Each GED graduate was honored for academic achievement, and in her time as the adult basic education coordinator at Kodiak College, Adelia Myrick has seen students who earned their GED continue on to postgraduate work or further their business pursuits.
“A lot of our GED students will go on to college here,” Myrick said, “which is really nice to see. They already feel like they are part of the college community and it’s such a nice, easy transition.”
A new set of classes begins today at Kodiak College to prepare adults to pass the five subjects on the GED test. But while these classes have traditionally been taught during the day, the adult education program is also offering a set of courses scheduled in the evening beginning Sept. 20.
The evening courses accommodate people who have jobs or other daytime obligations, Myrick said.
“We’ve been open in the evening, but we haven’t had a dedicated set of GED classes,” she said. “Our evening times in the past have been more like an open lab session — come in and get some help on whatever you’re working on, not that directed instruction, which is proven to be more effective for learning.”
The mission of adult basic education, Myrick said, is to serve people without a high school diploma or those whose skills are below the college level. That takes in a wide variety of people in various life circumstances — from the student wanting to get their academic career back on track to someone returning to college needing to refresh their skills, to an immigrant learning English as a second language.
“People come to us with a lot of different skill levels,” Myrick said. “A lot of people need a lot of instruction, and some people — those are the rare ones — can just come in and they are already testing at the level to be able to take the test.”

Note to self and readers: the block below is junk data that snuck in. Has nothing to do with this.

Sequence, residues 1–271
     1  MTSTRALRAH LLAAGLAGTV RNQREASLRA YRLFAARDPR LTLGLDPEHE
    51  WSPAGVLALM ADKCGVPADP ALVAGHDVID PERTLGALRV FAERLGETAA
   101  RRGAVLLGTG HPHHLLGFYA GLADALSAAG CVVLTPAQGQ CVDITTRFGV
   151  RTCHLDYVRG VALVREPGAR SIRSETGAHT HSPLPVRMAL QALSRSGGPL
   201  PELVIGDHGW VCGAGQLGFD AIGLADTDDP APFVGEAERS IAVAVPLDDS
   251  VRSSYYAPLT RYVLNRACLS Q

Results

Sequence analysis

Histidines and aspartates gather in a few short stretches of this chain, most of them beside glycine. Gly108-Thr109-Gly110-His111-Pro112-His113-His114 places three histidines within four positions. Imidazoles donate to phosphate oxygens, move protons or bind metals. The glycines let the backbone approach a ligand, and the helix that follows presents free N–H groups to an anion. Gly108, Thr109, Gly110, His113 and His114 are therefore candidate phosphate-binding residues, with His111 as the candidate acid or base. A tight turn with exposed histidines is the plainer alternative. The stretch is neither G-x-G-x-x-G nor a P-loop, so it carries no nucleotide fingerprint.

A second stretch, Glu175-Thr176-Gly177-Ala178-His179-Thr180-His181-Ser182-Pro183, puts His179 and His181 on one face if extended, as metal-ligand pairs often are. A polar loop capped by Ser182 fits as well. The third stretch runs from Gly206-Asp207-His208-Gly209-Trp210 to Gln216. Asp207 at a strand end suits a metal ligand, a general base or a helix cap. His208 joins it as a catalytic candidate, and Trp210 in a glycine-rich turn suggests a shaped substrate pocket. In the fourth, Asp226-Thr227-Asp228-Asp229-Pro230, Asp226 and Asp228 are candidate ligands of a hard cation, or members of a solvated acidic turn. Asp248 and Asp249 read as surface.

So the first step is to start with an assessment to determine the academic level of those interested in the GED.
“If you do really well on the assessment, we are not going to hold you back,” Myrick said. “We are going to go ahead and let you test as soon as you can.”
But most people test at a lower grade level, so the 10 weeks of classes focused on reading, writing, mathematics, science and social studies are designed for their needs, she said. Some students will repeat the semester if they need additional study for one or more parts of the GED test.
While Myrick counsels students to continue and finish their high school education, she said the GED is a valid alternative and can open doors.
“There are statistics like 98 percent of colleges and universities accept a GED just like a high school diploma,” Myrick said, with a similar percentage of employers saying the same.
All of the GED classes, including the teaching time, practice tests and homework help, are provided free to students, Myrick said. This is made possible through a grant from the Alaska Department of Labor and with the support of Kodiak College. The only expense at the end of the semester is a $20 fee for the official GED test.
The adult basic education program encourages those interested in the GED, or those who have passed sections of the test in the past, to consider completing the tests in the near future.
“We’re being told by the GED Testing Service that they are going to change the GED tests in 2014,” Myrick said.
She said the indications from the testing service point to a GED that will be more rigorous, more expensive and take longer to complete.
“We want to get the message out to come and get them done now before it gets harder and more expensive,” Myrick said. “There may be people out there who have taken tests 10 years ago, five years ago. Those tests are still valid and they don’t need to redo them. They just need to finish the subjects that they haven’t done yet.”
Contact Mirror writer Wes Hanna at whanna@kodiak